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to be harmful. You may well find that this never happens with playback machines. Recording machines should be watched much more carefully. 3. Measure on-air tape machine performance frequently. Because tape machine performance usually deteriorates gradually, measure the performance of an on-air machine frequently with standard test tapes. Take whatever corrective action is necessary if the machine is not meeting specifications. Test tapes are manufactured by laboratories such as Magnetic Reference Laboratory (MRL) (229 Polaris Ave. #4, Mountain View, California 94043, USA) and by Standard Tape Laboratory (STL) (26120 Eden Landing Rd. #5, Hayward, California 94545, USA). 4. Measure flutter. Routine maintenance should include measurement of flutter, using a flutter meter and high-quality test tape. Deterioration in flutter performance is often an early warning of possible mechanical failure. Spectrum analysis of the flutter can usually locate the flutter to a single rotating component whose rate of rotation corresponds to the major peak in the filter spectrum. Deterioration in flutter performance can, at very least, indicate that adjustment of reel tension, capstan tension, reel alignment, or other mechanical parameter is required. 5. Measure frequency response and interchannel phase shifts. These measurements, which should be done with a high-quality alignment tape, can be expedited by the use of special swept frequency or pink noise tapes available from some manufacturers (like MRL). The results provide an early indication of loss of correct head azimuth, or of headwear. (The swept tapes are used with an oscilloscope; the pink noise tapes with a third-octave real time analyzer.) The head must be replaced or lapped if it becomes worn. Do not try to compensate by adjusting the playback equalizer. This will increase noise unacceptably, and will introduce frequency response irregularities because the equalizer cannot accurately compensate for the shape of the rolloff caused by a worn head. 6. Record and maintain alignment properly. Alignment tapes wear out. With wear, the output at 15 kHz may be reduced by several dB. If you have many tape machines to maintain, it is usually more economical to make your own “secondary standard” alignment tapes, and use these for weekly maintenance, while reserving your standard alignment tape for reference use. (See below.) However, a secondary standard tape is not suitable for critical azimuth adjustments. These should be made using the methods described above, employing a test tape recorded with a full-track head. Even if you happen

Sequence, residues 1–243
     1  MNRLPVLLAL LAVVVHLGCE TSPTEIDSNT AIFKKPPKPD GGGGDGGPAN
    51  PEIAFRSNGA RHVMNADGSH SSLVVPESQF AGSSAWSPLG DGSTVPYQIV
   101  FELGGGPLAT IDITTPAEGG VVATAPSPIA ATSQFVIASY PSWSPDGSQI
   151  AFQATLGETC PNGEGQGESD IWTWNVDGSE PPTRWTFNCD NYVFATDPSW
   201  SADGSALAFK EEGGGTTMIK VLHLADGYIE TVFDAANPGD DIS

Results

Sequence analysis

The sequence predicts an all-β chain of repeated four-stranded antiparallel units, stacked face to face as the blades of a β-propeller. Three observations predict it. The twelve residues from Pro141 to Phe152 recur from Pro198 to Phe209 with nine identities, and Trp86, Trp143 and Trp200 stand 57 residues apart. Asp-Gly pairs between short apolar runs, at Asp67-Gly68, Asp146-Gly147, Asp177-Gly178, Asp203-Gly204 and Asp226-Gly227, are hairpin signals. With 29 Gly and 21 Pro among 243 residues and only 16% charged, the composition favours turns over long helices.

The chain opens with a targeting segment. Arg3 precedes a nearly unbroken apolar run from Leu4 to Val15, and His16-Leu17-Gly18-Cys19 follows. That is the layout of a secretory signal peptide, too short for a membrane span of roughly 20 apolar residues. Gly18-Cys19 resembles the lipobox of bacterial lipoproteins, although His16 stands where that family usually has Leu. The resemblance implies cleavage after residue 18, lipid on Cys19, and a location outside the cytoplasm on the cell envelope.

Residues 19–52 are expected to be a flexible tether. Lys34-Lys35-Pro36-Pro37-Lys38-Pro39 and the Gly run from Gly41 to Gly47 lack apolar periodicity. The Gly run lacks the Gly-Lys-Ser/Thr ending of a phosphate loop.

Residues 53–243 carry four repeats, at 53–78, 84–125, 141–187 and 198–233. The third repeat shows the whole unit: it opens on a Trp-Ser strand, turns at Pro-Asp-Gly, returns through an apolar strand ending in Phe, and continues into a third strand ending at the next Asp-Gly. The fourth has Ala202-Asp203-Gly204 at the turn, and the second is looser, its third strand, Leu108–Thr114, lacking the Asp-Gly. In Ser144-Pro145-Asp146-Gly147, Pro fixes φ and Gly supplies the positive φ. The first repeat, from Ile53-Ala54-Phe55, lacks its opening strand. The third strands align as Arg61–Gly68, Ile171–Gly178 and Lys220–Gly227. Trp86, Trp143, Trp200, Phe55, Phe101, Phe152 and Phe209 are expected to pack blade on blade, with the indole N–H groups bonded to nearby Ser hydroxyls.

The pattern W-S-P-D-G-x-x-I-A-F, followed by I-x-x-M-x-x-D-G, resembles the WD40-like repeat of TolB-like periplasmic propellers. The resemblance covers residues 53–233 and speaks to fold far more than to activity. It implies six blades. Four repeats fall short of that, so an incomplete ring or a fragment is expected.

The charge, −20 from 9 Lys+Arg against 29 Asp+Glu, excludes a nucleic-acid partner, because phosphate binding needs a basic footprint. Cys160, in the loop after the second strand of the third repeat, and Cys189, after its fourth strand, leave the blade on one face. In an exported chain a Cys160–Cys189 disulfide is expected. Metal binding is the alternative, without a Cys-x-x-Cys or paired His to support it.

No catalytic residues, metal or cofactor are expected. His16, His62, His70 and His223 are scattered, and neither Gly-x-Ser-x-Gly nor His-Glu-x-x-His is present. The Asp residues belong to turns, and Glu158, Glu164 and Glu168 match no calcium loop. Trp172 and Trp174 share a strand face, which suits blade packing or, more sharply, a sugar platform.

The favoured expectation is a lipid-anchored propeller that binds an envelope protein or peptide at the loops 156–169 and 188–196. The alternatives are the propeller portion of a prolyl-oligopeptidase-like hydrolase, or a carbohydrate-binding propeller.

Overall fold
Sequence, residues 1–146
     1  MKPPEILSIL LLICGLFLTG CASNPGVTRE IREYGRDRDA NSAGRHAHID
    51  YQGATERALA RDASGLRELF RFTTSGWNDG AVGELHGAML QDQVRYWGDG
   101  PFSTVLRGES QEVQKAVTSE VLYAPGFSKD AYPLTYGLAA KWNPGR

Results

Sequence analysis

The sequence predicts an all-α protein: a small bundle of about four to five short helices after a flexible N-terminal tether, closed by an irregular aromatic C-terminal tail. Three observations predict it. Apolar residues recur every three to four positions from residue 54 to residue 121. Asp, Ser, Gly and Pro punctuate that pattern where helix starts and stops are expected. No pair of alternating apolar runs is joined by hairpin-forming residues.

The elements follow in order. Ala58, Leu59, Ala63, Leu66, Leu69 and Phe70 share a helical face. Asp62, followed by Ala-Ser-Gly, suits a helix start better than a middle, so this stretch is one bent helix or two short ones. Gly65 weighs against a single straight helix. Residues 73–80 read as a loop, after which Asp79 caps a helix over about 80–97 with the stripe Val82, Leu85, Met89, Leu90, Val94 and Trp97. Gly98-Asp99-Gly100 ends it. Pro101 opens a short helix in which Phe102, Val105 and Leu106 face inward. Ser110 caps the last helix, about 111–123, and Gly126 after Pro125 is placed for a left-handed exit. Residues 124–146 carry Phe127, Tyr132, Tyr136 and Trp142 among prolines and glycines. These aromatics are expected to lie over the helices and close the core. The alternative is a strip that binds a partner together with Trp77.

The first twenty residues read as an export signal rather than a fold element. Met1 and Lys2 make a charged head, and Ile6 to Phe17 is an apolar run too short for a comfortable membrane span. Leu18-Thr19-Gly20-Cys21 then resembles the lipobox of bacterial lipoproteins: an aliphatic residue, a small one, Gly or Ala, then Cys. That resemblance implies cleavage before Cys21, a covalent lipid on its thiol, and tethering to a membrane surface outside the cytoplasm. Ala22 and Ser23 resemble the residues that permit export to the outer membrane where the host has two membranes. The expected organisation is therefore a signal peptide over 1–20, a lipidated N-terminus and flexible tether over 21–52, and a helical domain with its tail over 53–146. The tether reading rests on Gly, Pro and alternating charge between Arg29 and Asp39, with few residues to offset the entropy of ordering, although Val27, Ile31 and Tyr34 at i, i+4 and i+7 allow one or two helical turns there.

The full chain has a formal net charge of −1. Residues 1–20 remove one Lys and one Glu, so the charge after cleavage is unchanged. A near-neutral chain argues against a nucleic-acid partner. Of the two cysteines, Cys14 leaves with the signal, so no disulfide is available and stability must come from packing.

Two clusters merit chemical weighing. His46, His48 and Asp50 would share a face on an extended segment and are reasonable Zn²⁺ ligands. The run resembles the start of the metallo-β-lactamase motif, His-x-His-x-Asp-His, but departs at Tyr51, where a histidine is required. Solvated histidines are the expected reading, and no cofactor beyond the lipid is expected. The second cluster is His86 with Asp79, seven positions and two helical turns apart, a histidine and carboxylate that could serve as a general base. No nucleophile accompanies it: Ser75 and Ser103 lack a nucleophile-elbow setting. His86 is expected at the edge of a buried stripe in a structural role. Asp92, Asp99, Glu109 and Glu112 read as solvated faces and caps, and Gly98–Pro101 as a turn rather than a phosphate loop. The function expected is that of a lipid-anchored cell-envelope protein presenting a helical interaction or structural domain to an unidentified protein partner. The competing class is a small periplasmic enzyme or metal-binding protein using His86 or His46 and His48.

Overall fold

Maintaining Audio Quality
to have an old full-track mono machine, getting the azimuth exactly right is not practical—use a standard commercial alignment tape for azimuth adjustments. The level accuracy of your secondary standard tape will deteriorate with use— check it frequently against your primary standard reference tape. Because ordinary wear does not affect the azimuth properties of the alignment tape, it should have a very long life if properly stored. Store all test tapes: • • • • Tails out. Under controlled tension. In an environment with controlled temperature and humidity. With neither edge of the tape touching the sides of the reel (this can only be achieved if the tape is wound onto the storage reel at normal playback/record speeds, and not at fast-forward or rewind speed).
7. Check playback alignment. A) Coarsely adjust each recorder’s azimuth by peaking the level of the 15 kHz tone on the alignment tape.
Make sure that you have found the major peak. There will be several minor peaks many dB down, but you will not encounter these unless the head is totally out of adjustment.
B) While playing back the alignment tape, adjust the recorder’s reproduce equalizers for flat high-frequency response, and for low-frequency response that corresponds to the fringing table supplied with the standard alignment tape.
Fringing is due to playing a tape that was recorded full-track on a half track or quarter-track head. The fringing effect appears below 500Hz, and will ordinarily result in an apparent bass boost of 2-3dB at 100Hz. Fine azimuth adjustment cannot be done correctly if the playback equalizers are not set for identical frequency response, since non-identical frequency response will also result in non-identical phase response.
C) Fine-adjust the recorder’s azimuth.
This adjustment is ideally made with a full-track mono pink noise tape and a real-time analyzer. If this instrumentation is available, sum the two channels together, connect the sum to the real-time analyzer, and adjust the azimuth for maximum high-frequency response. If you do not have a full-track recorder and real-time analyzer, you could either observe the mono sum of a swept-frequency tape and maximize its high-frequency response, or align the master recorder by ear. Adjust for the crispest sound while listening to the mono sum of the announcer’s voice on the standard alignment tape (the azimuth on the announcer’s voice will be just as accurate as the rest of the tape).
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If the traditional Lissajous pattern is used, use several frequencies, and adjust for minimum differential phase at all frequencies. Using just one frequency (15 kHz, for example) can give incorrect results.